First responders and public safety organizations across the country welcomed the Federal Government’s recent budget announcement to designate an additional 10 MHz of radio spectrum and $3 million to begin developing a broadband wireless network dedicated to public safety. This means a full 20 MHz of Canada’s 700 MHz broadband spectrum is being allocated exclusively for the establishment of a national public safety broadband network (PSBN), which will enable secure, high-speed, wireless access to information and multimedia services over a wide area.
Ultimately, this will mean first responders will have enhanced communication tools to help them save lives, protect property, solve crimes and increase responder and public safety.
“The allocation of additional spectrum is a significant milestone and will ensure we have the capabilities needed to serve the public and first responders as emergency communications needs evolve for the future.”
E-Comm Vice-President of
The PSBN will be built to provide enhanced operational capability for first responders, including the ability to receive text, data, audio and video through secure mobile devices, similar to smartphones used by the public. The new network will also enable Next Generation 9-1-1 technologies that will be introduced in the coming years, resulting in greater capacity and more secure information-sharing among police, fire, ambulance and other emergency service personnel. Because its access and use will be limited to public safety agencies, critical information will be able to be sent and received even when public networks are overloaded, which happens frequently due to the proliferation of smartphones being used by the public at large-scale events (e.g. sporting events or major fires, etc.). Funding is expected to commence in 2016 for a two-year period to support coordination, development and administration activities associated with the creation of the national PSBN.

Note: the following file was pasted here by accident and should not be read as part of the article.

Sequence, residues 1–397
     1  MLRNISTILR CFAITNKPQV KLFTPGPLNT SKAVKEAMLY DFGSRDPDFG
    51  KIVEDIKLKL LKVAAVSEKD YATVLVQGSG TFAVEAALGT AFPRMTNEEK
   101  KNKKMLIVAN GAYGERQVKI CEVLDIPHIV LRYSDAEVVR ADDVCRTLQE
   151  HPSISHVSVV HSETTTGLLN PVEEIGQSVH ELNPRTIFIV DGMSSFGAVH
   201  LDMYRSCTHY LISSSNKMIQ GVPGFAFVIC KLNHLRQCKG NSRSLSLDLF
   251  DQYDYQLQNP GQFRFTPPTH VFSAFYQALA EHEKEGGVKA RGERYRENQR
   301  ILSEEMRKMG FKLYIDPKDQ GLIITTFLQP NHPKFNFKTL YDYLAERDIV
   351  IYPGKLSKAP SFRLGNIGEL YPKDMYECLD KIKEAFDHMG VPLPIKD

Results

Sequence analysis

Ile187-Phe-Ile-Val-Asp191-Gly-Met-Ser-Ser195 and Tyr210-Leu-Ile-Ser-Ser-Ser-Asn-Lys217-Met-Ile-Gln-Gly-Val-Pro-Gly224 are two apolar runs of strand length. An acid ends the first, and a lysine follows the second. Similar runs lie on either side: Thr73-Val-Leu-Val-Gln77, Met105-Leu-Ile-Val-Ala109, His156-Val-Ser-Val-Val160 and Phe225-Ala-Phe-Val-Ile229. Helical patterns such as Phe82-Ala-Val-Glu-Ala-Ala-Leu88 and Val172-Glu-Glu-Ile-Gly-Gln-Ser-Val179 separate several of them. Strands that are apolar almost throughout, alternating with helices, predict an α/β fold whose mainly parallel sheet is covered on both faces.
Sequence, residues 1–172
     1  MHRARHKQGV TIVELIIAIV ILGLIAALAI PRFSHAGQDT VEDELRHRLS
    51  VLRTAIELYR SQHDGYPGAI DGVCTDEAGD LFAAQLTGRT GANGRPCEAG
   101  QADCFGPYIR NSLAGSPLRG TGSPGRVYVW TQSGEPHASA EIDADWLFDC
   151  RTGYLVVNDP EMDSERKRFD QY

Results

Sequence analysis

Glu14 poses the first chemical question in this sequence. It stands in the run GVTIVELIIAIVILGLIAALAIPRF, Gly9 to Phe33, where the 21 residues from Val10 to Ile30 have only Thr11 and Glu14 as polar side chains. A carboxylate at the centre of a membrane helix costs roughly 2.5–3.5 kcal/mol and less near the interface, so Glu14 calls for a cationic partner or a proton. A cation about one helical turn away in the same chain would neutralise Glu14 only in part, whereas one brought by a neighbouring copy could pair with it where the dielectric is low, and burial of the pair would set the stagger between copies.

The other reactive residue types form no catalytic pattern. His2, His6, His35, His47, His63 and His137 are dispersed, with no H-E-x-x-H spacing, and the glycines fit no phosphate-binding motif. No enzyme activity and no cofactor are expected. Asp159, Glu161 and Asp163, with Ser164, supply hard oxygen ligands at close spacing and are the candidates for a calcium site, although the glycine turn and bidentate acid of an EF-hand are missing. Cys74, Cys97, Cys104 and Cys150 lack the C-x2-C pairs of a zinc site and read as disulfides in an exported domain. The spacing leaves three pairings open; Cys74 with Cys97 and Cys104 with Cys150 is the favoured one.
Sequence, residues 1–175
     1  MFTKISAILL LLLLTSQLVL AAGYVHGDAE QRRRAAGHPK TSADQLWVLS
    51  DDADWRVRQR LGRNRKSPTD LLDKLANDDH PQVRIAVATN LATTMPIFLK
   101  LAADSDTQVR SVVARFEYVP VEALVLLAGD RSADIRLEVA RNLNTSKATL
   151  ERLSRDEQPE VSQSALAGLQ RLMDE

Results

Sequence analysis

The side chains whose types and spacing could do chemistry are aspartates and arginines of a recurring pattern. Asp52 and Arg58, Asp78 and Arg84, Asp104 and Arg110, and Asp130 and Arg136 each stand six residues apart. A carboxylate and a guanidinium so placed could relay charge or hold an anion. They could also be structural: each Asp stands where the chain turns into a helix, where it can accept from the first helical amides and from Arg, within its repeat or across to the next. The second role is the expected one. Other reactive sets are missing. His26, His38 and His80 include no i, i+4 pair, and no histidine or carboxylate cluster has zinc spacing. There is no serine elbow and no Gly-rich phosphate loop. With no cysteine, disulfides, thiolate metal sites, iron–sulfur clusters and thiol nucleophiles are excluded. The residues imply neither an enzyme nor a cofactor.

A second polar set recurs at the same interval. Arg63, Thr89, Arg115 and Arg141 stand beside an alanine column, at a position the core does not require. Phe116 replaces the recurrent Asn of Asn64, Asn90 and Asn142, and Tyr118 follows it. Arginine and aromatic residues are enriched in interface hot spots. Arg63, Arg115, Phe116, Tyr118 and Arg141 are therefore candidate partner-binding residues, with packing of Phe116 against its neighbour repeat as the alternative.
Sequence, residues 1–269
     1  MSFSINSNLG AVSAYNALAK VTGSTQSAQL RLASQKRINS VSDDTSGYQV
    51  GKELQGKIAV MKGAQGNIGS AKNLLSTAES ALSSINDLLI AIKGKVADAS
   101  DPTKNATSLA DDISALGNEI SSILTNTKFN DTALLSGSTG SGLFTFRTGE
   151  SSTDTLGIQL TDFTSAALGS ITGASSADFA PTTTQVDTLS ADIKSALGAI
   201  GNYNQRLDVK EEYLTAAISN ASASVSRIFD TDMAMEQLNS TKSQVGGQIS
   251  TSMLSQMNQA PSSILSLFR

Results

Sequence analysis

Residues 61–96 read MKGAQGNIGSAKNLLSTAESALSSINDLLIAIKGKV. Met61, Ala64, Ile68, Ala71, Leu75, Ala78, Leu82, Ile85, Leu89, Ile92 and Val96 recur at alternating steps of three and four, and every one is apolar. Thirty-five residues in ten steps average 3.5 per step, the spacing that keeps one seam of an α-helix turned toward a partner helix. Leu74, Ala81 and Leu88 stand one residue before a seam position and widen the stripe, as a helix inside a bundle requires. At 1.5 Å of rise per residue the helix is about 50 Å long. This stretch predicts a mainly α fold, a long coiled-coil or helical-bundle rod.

“The allocation of additional spectrum is a significant milestone and will ensure we have the capabilities needed to serve the public and first responders as emergency communications needs evolve for the future,” explained E-Comm’s Vice-President of Technology Services Mike Webb. “Not having to compete with the public for the same network capacity as we do today will be particularly important to our first responders during large-scale events, in which massive amounts of mission-critical data, such as photos and videos, need to be transmitted,” Webb added.
From a longer term perspective, the PSBN will be able to integrate with E-Comm’s next generation radio system (scheduled to be completed by end of 2017), extending the communications services provided to E-Comm’s radio partners to additional users, devices and geographic areas.
E-Comm has been an early and active participant in liaising with the provincial agencies and stakeholders involved with the establishment of the PSBN. The emergency communications centre will continue to collaborate with the Canadian Interoperability Interest Group and the Canadian Association of Chiefs of Police, Canadian Association of Fire Chiefs and Paramedic Chiefs of Canada in submitting responses to Industry Canada’s public consultation for the next steps in establishing the network.